Bikes > Alternative

The Drift Motor YPro is a revelation that keeps on unfolding

This thing exceeded the author’s modest expectations

Drift Motor calls the YPro a motorcycle. But this is a scooter in our book. PHOTO BY RED SANTIAGO

Mobility has been compromised by COVID-19. In car-centric countries like the Philippines, the unreliability of public transport systems has basically paralyzed the economy. Knowing that the country can’t stay on lockdown forever, business gradually reopened despite the clear lack of alternative means of getting around. This has spawned the demand for bicycles and e-scooters so that people can simply get moving.

This gave birth to Drift Motor. Founded by speed junkie GM Bugayong last year, the company has a catalog of e-bikes and pedal-assisted bicycles (such as its best-selling Raptor fat bike) addressing the growing need for personal mobility devices. The brand recently launched a new product, and we had the honor of being the very first to try it out. We’re referring to the YPro electric scooter.

The YPro looks like a tame machine until you explore its power reserves. PHOTOS BY RED SANTIAGO

I instantly fell in love with the YPro’s looks. Unlike most of its rivals in the market, the YPro is both sporty and stylish. It uses a combination of simple shapes, basic lines, and rounded corners. The LED rectangular headlamps are flanked by “parenthesis” DRLs. The blacked-out instrument cluster looks good sitting in the middle of the naked handlebars. The chrome-plated side-mirror covers give a tasteful contrast to the black-and-red color scheme. The sides have a mix of curves and angles, making the bike look sharp even when viewed from afar. While the 10-inch wheels look too small, they are the perfect size for this compact electric two-wheeler. The rear end has a huge multi-element taillamp assembly that also houses LED turn signals.

The brakes could use a little more bite. PHOTOS BY RED SANTIAGO

The YPro’s size got me a bit worried, though, as I thought that it would be too tiny for me. I tip the scales at over 90kg, so I initially looked awkward sitting on it. However, the saddle is very comfortable. And while the riding position is a little weird, I got used to it after a few minutes. My concerns eventually proved to be just all in my mind.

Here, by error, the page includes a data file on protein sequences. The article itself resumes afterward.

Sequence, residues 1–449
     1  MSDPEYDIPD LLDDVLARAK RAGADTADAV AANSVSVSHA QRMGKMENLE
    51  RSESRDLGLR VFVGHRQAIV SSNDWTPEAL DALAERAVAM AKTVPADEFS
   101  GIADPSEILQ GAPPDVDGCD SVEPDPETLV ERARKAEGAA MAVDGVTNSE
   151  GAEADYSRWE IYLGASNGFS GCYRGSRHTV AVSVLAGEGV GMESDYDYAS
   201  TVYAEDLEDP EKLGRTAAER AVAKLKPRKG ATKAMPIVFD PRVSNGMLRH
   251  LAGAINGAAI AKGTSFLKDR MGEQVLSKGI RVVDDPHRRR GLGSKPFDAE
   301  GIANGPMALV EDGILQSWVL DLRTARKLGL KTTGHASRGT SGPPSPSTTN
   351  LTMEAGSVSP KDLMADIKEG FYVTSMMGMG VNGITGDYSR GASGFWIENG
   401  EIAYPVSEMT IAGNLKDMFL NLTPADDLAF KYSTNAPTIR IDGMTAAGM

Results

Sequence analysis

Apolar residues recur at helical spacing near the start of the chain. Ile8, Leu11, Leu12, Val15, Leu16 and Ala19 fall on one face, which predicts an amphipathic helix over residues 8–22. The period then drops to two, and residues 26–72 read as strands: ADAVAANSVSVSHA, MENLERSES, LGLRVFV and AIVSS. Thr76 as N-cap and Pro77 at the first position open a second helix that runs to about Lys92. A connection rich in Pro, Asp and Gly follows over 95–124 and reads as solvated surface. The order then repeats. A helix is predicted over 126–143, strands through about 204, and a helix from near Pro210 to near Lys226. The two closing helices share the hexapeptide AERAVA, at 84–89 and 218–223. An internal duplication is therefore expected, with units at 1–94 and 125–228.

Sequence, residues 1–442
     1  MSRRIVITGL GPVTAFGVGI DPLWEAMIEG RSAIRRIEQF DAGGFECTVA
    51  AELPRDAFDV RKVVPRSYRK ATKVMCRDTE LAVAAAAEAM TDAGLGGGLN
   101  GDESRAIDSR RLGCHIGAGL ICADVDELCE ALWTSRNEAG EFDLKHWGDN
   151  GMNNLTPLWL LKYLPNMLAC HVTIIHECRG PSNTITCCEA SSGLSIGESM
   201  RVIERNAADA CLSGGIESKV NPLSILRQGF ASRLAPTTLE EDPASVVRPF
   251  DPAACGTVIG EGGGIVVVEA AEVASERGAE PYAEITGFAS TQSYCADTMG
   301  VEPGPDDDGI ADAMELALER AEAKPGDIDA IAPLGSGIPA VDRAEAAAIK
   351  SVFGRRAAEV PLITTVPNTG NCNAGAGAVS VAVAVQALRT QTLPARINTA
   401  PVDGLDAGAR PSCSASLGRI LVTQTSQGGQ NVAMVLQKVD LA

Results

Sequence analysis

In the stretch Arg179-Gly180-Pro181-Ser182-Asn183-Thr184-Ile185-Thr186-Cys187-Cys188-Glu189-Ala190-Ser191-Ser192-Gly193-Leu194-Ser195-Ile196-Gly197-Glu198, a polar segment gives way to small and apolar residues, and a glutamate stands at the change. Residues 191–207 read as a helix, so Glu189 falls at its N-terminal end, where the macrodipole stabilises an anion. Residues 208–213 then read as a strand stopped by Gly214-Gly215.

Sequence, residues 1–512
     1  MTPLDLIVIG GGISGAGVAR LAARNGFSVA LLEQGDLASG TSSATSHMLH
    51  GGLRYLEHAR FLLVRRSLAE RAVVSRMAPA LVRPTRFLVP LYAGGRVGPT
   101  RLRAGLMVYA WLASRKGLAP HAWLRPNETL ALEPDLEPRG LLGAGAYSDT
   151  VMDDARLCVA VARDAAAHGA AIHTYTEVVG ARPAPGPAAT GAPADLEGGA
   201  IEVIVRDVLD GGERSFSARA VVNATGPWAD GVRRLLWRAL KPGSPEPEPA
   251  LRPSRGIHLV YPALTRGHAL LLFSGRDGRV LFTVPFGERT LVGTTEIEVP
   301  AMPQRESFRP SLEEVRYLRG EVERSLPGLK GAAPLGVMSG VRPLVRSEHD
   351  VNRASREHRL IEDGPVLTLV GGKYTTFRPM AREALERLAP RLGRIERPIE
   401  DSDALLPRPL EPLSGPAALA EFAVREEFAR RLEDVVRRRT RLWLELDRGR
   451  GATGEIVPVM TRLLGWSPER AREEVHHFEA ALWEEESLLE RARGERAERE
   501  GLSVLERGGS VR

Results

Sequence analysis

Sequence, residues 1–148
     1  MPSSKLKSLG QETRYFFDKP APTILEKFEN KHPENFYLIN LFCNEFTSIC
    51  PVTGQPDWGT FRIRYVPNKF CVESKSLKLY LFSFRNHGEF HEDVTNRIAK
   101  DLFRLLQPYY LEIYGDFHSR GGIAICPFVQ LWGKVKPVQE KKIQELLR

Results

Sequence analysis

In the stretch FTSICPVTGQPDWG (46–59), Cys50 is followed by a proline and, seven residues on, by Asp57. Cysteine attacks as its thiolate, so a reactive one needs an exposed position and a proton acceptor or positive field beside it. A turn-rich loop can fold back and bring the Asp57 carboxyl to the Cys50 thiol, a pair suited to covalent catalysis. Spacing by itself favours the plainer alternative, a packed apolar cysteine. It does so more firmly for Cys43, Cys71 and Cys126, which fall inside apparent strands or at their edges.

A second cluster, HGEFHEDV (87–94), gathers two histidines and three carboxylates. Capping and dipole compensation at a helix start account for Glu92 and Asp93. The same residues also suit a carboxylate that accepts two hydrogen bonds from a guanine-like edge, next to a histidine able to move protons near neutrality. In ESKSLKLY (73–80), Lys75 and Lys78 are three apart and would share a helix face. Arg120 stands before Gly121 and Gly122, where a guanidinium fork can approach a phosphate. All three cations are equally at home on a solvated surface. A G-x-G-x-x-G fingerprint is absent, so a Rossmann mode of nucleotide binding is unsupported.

The 27L underseat storage bin gobbles up your riding essentials. PHOTOS BY RED SANTIAGO

Bugayong kept reminding me to go easy and have a good feel for it first. To be honest, I was baffled and wondered what was so special about it. I had ridden several electric scooters before, and the power that those things put out wasn’t something I couldn’t handle. He then mentioned the 2kW brushless DC motor that the YPro had. When converted to horsepower, it is just a measly 3hp.

But as soon as I twisted the accelerator, I was blown away. I never expected the amount of instantaneous torque that this power unit had. The YPro weighs only 68kg, so the power-to-weight ratio is excellent. It has three ride settings, and the lowest one limits the maximum speed to an already brisk 40km/h.

The ride-mode selector limits the top speed but not the acceleration. PHOTOS BY RED SANTIAGO

I wondered if I could keep up with faster vehicles on the busy highway I was about to take. But after I turned the ride setting up to the second and third levels, my fears started to fade away. The motor kept pushing, and the YPro topped out at 69km/h rather quickly. Climbing up bridges and shallow gradients was a piece of cake. Fellow riders stared in disbelief as I matched their pace. Right then and there, I realized Drift Motor’s claims weren’t fake.

If that adventure-filled ride home proved anything, it’s that the YPro is a very capable electric scooter. My route was a bit longer than what I normally took, but the 50-55km range of the 20Ah battery was more than enough for it. I was thankfully able to get home before the skies opened up.

The YPro made my neighborhood’s small streets its playground. The 27L underseat compartment had enough room for most of the items I bring along when riding. It has an IP65 waterproof rating, so it can be used even when raining. The headlamps illuminate the road quite well. And anyone will be familiar with the switchgear layout in no time.

The instrument panel is hard to read especially at noon. PHOTOS BY RED SANTIAGO

Some things could be better, however. Braking power was just okay and could use a little more bite. Given the long six- to 10-hour charging time, the YPro would benefit from swappable batteries so you could extend its range with minimal downtime. Also, the information on the instrument cluster is barely readable under the midday sun. Finally, as good as the YPro is, the steep P75,000 price tag might scare potential buyers away.

But for what it is and what it can do, this is a small price to pay. The YPro is a mind-blowing revelation that can serve a niche market. Drift Motor’s latest product is a genesis of better things to come for electric two-wheelers.

Red Santiago

A jack of all trades, Red is passionate about cars, motorcycles and audio. He sometimes drives for a ride-hailing app company—just because he really loves driving.